Pete Simpkin – The Pebble Mill Roof

Pete Simpkin radio producer


As the Pebble Mill at One Show developed more items were broadcast from the inner quadrangle of the building which was a pleasant grassed and landscaped area. However the British weather increasingly played its disruptive part and so a foldable roof was installed so that whatever the weather the show could go on.
It was however fascinating on wet days to see the gardener having to water the flowers and shrubs under the roof while perfectly good rain fell on the roof above! Similarly we were fascinated one snowy day to look down from the radio studio to see artificial snow being distributed around whist real snow was falling outside. Fascinating challenges!

Peter Poole adds the following comment on Facebook: ‘I remember the artificial snow well. I worked on ‘A Song for Christmas’ in the Quad. We used several Sony ECM 50 mics. The snow got into the XLR plugs and caused problems. After the show it took ages to clean all the cables. I now hate artificial snow!’

Pete Simpkin – The Mad Axeman!


When the Pebble Mill Radio Studios were being built someone forgot to install a visual alarm so that people broadcasting in soundproof areas would be made aware of any emergency and respond accordingly. One afternoon I was presenting the scheduled show alone in studio 1 when I looked up to see a Fireman complete with helmet and an axe waving at me through the control room window. Apparently there was a fire alarm and I was the only person who was not aware of it. Actually it turned out to be a false alarm and I refused to leave my post and kept on the air but soon flashing alarms were installed throughout the area for future safety!

On another occasion we were all evacuated from the building and as we  trooped out we became aware that we were being filmed… was for a programme about how quickly

a building could be evacuated…..we were not best pleased.

Coming down from the 7th floor restaurant one afternoon I walked into a lift and was told to ‘carry on, behave quite normally’ A silent sequence was being filmed for some drama for TV and I had to stand next to a famous actor until we reached the required floor. I never saw my appearance!

Pete Simpkin – Memories of the Ghostly Voice

Pete in WM Studio 1


One of the security men who was on early duty at the back door in the early hours had a frightening habit of scaring me witless every time he was in situ by waiting until I had collected my studio keys from him and walked up the darkened back corridors of the building to a particular point where there was a security loudspeaker installed. He could work out the time to reach this place and then whisper ‘Pete’ into his microphone. The effect of this unseen voice whispering my name in the stigeon gloom of the early morning was unsettling to day the least but I was always caught out. Luckily he retired before I did!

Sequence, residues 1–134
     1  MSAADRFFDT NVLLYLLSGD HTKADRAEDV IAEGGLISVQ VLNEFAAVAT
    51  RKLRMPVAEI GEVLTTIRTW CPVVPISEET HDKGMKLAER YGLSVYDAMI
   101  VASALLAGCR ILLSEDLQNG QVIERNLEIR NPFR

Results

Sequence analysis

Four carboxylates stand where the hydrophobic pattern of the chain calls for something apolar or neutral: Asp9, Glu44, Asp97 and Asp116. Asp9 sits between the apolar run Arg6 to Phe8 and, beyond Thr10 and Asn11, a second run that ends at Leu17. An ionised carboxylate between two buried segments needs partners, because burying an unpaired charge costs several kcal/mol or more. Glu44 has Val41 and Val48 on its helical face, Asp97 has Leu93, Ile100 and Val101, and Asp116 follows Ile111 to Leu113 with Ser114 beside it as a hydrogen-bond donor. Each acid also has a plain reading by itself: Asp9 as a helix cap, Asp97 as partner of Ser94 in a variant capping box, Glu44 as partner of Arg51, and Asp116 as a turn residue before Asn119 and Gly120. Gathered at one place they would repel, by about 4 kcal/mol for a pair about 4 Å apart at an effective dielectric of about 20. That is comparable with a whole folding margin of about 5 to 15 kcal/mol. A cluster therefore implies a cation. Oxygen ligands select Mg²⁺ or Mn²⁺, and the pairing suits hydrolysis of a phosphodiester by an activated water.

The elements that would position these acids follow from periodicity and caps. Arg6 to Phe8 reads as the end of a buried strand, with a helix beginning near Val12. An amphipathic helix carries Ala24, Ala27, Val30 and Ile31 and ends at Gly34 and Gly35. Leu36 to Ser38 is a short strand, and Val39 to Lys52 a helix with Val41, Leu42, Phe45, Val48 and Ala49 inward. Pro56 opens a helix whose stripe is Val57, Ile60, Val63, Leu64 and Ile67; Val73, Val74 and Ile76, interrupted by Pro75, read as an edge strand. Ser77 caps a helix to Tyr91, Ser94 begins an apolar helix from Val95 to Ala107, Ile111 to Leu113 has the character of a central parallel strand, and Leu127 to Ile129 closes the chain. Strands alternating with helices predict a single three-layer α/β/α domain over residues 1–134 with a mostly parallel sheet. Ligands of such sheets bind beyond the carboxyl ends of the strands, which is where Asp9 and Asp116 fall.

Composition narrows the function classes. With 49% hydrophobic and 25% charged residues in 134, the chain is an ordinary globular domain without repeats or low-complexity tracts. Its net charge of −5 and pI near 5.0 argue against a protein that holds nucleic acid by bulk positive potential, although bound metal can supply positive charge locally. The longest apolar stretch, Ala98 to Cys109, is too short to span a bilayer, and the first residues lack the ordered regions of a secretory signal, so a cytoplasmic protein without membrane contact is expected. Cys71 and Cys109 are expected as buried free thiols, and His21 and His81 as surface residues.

IT CAME FROM PEBBLE MILL 2-4 July at mac, Birmingham

Long before shows like The Wire and The Sopranos ripped up the television rule-book, a corridor of the BBC’s Birmingham studio was rivalling HBO in the range and riskiness of its output. Over the course of a decade from 1972 onwards the unpromisingly-named English Regions Drama department created a unique culture where young writers and directors could flourish,  where sci-fi and cop-show were taken in strange new directions, and where contemporary Britain in all its glory and messiness was reflected on the small screen. Last month the UK was represented at the Cannes Film Festival by Mike Leigh and Stephen Frears, two acclaimed filmmakers who developed their craft on that very corridor. It Came From Pebble Mill offers a rare opportunity to rediscover some of the best work from that period and to find out how those who made it got away with it.

Highlights include:

Licking Hitler – David Hare’s first film, about a World War 2 propaganda unit

Nuts in May – cult Mike Leigh comedy about class warfare on the campsite

Empire Road – Britain’s first (and last) black soap opera, set in Handsworth

The Muscle Market – a precursor to Boys From the Blackstuff, starring Pete Postlethwaite and Alison Steadman

GangstersThe French Connection comes to Spaghetti Junction

Plus landmark films from writers including Ian McEwan, Alan Plater and David Rudkin, and the half-hour play which featured British television’s first lesbian kiss.

Just like HBO, the department built its reputation by allowing writers to experiment. Having scored a hit in the 60s with police series Z Cars, producer David Rose established an environment with as little interference as possible from London. Cast and crew were all based in Birmingham during rehearsals and shooting, and in smoky corners of the BBC social club ideas were thrown around and new alliances were forged. Often shooting film on location – as opposed to the video-shot studio drama which dominated at the time – Pebble Mill produced gritty realism but also surreal comedy, sharp satire and the enduring poetic visions of films like Penda’s Fen and Red Shift.

Remarkably enough Rose went on to repeat this feat in the 1980s at Film Four, and recently his achievements were recognised with a Fellowship of the British Film Institute. Along with many of his colleagues from that time David Rose will be returning to Birmingham for this very special weekend of screenings and discussions at the newly refurbished mac, just around the corner from where Pebble Mill once stood.


Friday 2 – Sunday 4 July, 2010


Mac, Cannon Hill Park. Edgbaston, Birmingham B12 9QH


Call 0121 446 3232, or buy online at

Full programme information also available at

It Came From Pebble Mill is presented by Birmingham City University and 7 Inch Cinema, with support from the National Lottery through ScreenWM. Additional support provided by the BBC, British Film Institute and Aquila TV.